New exposure of US government spying

Bush administration compiling massive database of bank records

The Bush administration has been secretly tapping into a global network of confidential financial transactions and compiling a vast database of bank records. According to an article in the June 23 New York Times, the program was initiated shortly after the September 11, 2001 terrorist attacks and has examined banking transactions involving tens of thousands of individuals in the US and internationally.

Through the Terrorist Finance Tracking Program, ordered by Bush 10 days after 9/11, the US Treasury Department has been collecting data from the world’s largest financial communications network—the Belgium-based Society for Worldwide Interbank Financial Telecommunication, or SWIFT. The Bush administration has authorized the program through administrative subpoenas under a little-known authority of the 1977 International Emergency Economic Powers Act (IEEPA).

Administration officials asked the Times not publish its story. When the Times went ahead with it, the White House denounced the newspaper, implying that by informing the American and international public of the massive and warrentless intrusion of privacy it was aiding and abetting the terrorists. “We are disappointed that once again the New York Times has chosen to expose a classified program that is working to protect Americans,” Bush administration spokeswoman Dana Perino said. “We know that Al Qaeda watches for any clue as to how we are fighting the war on terrorism and then they adapt.”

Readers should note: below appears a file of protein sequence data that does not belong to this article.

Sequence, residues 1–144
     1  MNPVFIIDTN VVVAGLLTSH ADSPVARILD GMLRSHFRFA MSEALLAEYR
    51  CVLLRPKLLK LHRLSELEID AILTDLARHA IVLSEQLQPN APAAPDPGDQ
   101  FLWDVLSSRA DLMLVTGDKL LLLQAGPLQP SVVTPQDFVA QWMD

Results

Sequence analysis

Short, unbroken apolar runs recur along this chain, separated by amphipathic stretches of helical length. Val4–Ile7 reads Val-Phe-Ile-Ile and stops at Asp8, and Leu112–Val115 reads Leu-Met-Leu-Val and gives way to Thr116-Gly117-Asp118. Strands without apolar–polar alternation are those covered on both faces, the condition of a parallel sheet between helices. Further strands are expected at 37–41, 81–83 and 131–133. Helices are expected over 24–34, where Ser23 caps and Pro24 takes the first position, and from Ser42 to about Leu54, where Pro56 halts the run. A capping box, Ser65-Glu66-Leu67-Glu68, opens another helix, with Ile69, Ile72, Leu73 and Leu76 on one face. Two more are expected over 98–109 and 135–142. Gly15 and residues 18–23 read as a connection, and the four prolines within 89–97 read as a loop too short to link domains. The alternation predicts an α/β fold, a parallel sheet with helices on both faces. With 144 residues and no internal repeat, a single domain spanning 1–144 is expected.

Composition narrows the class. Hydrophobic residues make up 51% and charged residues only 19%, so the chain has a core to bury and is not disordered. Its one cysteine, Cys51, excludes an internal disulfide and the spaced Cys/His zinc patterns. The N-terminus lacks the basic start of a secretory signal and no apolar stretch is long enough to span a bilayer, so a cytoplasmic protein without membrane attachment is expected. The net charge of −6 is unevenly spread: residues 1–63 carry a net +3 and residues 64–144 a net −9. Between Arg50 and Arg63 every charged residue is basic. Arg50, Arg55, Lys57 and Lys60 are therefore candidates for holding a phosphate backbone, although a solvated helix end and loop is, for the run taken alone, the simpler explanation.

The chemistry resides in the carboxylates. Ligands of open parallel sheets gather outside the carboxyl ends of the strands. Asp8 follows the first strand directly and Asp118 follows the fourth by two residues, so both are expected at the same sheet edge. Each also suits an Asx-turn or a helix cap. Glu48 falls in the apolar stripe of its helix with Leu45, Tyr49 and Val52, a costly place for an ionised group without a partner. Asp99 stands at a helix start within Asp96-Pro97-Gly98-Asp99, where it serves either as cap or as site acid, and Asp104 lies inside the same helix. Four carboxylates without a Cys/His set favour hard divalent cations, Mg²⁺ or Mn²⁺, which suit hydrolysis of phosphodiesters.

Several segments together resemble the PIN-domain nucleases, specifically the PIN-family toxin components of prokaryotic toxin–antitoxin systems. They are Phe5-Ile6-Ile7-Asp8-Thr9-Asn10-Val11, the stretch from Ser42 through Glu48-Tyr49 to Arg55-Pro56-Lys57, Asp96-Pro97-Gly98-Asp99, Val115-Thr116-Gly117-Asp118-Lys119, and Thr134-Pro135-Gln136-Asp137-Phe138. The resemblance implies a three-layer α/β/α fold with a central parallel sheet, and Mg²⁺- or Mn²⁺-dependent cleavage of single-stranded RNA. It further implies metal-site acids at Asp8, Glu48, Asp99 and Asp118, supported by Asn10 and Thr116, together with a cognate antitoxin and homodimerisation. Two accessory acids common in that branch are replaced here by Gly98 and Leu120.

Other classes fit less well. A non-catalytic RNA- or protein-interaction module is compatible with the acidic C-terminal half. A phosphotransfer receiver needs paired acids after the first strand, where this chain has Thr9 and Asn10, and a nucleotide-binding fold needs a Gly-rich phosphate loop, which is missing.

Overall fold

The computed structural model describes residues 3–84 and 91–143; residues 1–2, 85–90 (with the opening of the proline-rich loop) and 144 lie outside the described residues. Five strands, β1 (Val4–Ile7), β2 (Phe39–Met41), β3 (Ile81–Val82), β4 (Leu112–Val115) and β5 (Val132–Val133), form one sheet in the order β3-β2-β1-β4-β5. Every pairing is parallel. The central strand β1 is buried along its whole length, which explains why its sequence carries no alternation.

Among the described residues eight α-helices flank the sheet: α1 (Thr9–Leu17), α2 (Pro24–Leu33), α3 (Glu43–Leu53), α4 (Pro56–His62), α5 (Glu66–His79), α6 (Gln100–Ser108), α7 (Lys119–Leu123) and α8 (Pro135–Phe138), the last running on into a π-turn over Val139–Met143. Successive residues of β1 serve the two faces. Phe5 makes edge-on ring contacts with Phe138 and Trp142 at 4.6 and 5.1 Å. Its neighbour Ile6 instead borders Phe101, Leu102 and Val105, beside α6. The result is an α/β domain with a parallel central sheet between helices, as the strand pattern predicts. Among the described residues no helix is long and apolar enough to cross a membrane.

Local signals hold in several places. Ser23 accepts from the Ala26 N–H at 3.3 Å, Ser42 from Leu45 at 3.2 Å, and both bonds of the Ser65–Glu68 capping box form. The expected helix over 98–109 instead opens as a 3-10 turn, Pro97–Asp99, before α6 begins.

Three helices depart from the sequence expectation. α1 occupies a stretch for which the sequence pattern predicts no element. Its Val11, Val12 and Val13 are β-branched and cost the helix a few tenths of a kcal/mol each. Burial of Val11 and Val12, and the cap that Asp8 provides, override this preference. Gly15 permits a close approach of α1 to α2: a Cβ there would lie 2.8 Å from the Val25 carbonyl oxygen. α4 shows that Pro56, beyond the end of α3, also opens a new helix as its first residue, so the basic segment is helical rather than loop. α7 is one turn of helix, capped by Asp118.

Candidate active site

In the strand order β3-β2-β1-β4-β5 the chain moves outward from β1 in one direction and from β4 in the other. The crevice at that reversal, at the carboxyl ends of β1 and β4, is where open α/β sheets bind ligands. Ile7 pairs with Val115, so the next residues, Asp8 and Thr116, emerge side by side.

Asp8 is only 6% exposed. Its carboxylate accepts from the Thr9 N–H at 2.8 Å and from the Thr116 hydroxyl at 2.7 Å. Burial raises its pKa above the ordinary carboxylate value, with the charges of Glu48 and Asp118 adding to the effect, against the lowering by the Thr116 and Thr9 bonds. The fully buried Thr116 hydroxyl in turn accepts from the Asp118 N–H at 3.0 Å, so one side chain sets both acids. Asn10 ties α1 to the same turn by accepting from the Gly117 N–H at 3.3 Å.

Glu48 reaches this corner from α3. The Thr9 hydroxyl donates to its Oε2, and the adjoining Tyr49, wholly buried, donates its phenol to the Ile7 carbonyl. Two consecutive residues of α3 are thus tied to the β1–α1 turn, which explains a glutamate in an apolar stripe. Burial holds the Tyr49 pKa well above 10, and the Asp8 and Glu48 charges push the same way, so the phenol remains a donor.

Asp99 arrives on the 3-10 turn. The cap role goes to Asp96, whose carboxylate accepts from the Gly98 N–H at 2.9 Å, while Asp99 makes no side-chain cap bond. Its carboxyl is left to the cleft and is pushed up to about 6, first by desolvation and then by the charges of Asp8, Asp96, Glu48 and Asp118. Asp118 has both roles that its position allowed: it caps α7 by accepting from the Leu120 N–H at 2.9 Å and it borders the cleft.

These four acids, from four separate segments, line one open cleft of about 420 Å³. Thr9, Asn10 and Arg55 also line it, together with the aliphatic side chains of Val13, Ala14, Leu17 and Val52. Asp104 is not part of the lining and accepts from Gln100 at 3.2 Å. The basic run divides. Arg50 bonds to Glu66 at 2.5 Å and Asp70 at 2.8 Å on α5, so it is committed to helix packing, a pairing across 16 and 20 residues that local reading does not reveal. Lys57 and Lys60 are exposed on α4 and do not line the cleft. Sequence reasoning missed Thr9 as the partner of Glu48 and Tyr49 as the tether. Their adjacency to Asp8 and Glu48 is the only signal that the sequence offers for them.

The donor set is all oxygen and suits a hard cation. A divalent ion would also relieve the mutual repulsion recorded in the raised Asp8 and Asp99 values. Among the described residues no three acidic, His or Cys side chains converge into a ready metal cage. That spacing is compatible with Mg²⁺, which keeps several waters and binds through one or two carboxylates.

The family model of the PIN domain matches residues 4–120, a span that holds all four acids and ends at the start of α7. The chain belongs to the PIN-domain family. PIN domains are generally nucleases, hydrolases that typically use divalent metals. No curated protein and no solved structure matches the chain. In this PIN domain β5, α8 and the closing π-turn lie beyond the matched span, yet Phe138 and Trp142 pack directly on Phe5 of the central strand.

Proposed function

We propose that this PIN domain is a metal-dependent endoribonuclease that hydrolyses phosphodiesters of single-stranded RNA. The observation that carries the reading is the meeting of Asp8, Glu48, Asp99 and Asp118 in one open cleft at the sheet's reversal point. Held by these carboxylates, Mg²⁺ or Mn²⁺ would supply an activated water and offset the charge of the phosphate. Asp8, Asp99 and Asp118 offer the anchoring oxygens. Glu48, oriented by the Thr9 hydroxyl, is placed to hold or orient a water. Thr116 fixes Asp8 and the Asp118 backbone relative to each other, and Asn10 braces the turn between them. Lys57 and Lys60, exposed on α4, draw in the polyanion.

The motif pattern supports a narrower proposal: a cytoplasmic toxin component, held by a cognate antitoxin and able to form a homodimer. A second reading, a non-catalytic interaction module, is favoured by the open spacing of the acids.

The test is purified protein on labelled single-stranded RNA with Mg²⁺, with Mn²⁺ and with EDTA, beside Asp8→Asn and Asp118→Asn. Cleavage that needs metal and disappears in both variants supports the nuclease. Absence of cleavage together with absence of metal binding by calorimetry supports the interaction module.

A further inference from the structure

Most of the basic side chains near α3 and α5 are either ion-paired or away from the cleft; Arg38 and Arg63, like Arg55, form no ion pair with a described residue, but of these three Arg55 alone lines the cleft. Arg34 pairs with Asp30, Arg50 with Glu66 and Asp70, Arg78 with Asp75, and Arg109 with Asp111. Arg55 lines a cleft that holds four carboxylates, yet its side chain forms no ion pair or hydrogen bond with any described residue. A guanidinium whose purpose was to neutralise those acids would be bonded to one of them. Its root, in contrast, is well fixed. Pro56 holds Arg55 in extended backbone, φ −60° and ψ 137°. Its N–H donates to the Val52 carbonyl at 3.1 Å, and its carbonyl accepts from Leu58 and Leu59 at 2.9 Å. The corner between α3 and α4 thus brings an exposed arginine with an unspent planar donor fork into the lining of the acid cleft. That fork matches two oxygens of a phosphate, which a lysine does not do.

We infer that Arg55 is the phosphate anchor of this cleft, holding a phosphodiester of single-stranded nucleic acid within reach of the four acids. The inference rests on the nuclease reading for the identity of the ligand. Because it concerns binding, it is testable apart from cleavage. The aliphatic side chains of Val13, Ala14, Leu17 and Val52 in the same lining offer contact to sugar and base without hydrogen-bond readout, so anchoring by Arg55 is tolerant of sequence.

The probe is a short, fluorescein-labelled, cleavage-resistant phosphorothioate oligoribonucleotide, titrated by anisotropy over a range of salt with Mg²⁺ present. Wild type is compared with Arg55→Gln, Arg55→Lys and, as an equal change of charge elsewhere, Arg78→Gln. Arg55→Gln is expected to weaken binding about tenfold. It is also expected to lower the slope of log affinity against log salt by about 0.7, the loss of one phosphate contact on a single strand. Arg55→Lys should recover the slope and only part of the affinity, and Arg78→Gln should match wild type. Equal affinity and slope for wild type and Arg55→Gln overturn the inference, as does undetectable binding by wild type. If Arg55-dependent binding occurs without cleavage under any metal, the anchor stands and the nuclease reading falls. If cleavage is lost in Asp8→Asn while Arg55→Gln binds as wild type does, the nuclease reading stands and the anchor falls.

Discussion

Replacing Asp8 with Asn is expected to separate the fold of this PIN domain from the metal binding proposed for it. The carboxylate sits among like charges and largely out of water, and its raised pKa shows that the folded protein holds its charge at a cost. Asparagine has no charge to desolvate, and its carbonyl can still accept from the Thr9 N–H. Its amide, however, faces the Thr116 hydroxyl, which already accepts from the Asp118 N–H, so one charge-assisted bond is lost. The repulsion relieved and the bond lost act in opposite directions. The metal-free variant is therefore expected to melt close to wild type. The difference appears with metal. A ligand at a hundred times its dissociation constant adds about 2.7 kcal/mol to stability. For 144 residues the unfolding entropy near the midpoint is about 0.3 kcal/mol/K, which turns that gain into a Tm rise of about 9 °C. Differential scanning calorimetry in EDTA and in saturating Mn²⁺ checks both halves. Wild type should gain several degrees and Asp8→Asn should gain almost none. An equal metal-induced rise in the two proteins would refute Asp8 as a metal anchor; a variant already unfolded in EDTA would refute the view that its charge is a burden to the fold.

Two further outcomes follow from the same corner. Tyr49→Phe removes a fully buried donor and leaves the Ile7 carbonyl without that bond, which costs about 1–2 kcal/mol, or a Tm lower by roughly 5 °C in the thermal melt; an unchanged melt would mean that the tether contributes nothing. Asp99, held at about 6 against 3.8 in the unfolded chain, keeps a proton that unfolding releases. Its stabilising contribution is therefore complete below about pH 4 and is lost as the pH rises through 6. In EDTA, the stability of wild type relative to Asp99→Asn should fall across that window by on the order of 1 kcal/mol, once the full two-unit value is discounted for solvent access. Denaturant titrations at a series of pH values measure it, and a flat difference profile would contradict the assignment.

Exposure of the government spying on bank records follows revelations of far-reaching secret spying operations on Americans by the National Security Agency (NSA) involving eavesdropping on telephone calls, emails and faxes without the benefit of court-issued warrants and the assembling of a database, again without court warrants, covering hundreds of millions of domestic telephone calls. The Justice Department has also requested that Internet providers keep two-year records of web sites their customers visit and addresses to which they send email.

As with the previously exposed spying programs, the Bush administration is using the so-called “war on terrorism” as the pretext for implementing, in the form of the SWIFT program, another unconstitutional and illegal assault on democratic rights. The piecemeal revelation of such programs provides only a glimpse of the vast infrastructure for police-state forms of rule that has been put in place.